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The Energy Charter Treaty

IISD has been actively engaging with governments, civil society, academia, legal experts, and other stakeholders in how to address the many difficulties posted by the Energy Charter Treaty.

The Energy Charter Treaty (ECT) is a 1990s-era trade and investment accord that was designed with the objective of enabling multilateral cooperation in the energy sector. However, the decades since this treaty’s signature has shown the ECT to be deeply problematic on various levels. Along with being the treaty most used in investor-state arbitration, it has also led to record-breaking damages awards and is a hindrance to ambitious climate action.

IISD has been actively engaging with governments, civil society, academia, legal experts, and other stakeholders in how to address the many flaws of the ECT. We have undertaken in-depth research and analysis on the ECT’s design, implementation, and implications for sustainable development objectives, especially as they relate to climate action and the energy transition. We have also covered investor-state arbitrations involving the ECT in detail under our flagship journal, Investment Treaty Newswhile undertaking news reporting and commentary on the latest developments.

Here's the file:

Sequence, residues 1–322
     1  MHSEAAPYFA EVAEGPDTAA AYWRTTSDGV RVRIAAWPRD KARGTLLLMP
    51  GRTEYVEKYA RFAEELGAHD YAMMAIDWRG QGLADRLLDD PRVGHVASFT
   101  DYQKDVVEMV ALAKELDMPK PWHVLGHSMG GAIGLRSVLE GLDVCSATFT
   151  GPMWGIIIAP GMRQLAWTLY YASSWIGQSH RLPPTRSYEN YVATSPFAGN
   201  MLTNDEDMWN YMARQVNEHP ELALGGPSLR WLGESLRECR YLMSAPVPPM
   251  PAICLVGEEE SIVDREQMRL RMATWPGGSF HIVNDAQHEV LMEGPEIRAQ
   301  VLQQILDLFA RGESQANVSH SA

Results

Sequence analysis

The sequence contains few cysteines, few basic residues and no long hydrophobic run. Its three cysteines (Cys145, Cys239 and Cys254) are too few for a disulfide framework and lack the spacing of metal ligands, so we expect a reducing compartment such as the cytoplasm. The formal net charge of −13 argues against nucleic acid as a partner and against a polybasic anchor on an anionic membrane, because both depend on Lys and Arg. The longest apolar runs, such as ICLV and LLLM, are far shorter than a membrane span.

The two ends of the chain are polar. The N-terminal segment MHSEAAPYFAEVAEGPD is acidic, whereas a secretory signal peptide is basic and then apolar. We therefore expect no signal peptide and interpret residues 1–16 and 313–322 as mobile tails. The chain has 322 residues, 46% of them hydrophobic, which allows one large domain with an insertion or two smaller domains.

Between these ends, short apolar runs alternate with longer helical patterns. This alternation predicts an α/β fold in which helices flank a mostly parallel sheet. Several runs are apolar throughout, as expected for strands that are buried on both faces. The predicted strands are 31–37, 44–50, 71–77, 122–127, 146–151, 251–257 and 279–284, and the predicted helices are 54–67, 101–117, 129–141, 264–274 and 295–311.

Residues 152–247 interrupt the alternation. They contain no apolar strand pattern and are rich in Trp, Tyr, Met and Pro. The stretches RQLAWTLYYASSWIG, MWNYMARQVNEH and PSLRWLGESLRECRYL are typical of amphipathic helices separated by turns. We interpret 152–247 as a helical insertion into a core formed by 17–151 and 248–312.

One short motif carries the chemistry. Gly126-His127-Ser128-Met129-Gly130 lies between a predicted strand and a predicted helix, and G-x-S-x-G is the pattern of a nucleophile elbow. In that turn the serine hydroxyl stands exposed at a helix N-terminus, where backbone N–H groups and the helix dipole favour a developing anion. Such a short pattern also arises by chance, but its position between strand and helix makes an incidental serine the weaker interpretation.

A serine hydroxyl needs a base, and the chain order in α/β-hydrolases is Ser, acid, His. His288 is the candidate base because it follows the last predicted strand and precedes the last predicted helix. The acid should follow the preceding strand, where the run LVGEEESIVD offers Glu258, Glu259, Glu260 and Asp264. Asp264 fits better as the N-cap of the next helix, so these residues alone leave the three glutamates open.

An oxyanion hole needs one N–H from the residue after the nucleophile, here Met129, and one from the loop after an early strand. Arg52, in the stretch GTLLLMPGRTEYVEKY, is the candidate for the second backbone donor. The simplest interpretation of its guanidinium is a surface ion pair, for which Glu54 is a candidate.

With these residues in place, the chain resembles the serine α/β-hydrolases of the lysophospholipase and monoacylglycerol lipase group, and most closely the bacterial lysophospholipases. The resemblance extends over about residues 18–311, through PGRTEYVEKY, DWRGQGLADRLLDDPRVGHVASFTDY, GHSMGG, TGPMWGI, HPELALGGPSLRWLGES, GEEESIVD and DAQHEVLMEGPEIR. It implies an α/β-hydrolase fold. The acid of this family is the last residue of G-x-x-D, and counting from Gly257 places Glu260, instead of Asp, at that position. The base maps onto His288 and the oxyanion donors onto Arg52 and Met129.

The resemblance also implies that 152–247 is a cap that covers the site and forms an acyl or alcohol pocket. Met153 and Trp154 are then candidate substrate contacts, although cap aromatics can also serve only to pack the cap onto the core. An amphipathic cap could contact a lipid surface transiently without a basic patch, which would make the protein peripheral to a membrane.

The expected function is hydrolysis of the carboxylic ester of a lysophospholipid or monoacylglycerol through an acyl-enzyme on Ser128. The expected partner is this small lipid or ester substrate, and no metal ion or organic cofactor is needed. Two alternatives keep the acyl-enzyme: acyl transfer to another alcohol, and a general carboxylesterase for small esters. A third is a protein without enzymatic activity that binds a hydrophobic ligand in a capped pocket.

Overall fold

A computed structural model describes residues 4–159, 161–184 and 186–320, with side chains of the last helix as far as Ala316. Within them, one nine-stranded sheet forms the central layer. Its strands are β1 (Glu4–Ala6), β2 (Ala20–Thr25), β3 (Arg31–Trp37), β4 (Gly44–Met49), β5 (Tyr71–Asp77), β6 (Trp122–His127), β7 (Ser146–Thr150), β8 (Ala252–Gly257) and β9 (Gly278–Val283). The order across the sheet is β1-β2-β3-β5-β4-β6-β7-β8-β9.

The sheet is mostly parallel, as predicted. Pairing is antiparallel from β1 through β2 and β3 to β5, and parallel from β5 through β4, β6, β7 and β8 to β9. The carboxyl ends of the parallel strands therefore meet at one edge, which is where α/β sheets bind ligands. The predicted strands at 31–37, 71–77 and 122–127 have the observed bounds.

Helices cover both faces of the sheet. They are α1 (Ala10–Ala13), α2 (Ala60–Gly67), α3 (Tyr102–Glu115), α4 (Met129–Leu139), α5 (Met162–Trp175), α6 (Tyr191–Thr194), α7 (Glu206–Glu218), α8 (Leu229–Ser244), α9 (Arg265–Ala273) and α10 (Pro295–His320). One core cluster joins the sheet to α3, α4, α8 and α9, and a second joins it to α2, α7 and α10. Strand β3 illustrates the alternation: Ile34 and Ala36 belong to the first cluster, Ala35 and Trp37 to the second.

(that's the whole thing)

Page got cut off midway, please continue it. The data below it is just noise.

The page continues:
Together with our partners, we urged the European Commission in April 2020 to reconsider its approach to ECT modernisation, so that the treaty undergoes the necessary reforms for achieving the bloc’s climate action objectives and those of the UN’s Paris Agreement on climate change.

We have analyzed how governments could withdraw from the ECT or terminate it outright, which was the subject of our January 2020 webinar on The Energy Charter Treaty: To "modernize" or to exit? We have also explained the dangers of the ECT’s expansion to other countries, including Africa and Asia.

We also led the drafting of the Treaty on Sustainable Investment for Climate Change Mitigation and Adaptation, which was one of the winners of the Stockholm Treaty Lab's 2018 prize. This treaty sets out a legal framework aimed at fostering climate-friendly, resilient investments while disincentivizing unsustainable investments, along with enabling a just transition.

Watch the full recording of our virtual discussion on the Energy Charter Treaty Modernisation Process

 

 
 
 

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